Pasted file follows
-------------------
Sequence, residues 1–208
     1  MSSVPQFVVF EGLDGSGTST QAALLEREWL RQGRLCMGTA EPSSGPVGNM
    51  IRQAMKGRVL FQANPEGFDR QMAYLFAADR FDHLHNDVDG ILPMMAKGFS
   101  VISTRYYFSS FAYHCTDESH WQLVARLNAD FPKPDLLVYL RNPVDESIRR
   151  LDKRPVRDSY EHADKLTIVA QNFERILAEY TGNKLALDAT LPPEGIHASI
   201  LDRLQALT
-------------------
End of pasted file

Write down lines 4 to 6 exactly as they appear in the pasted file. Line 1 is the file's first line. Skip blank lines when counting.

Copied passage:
   101  VISTRYYFSS FAYHCTDESH WQLVARLNAD FPKPDLLVYL RNPVDESIRR
   151  LDKRPVRDSY EHADKLTIVA QNFERILAEY TGNKLALDAT LPPEGIHASI
   201  LDRLQALT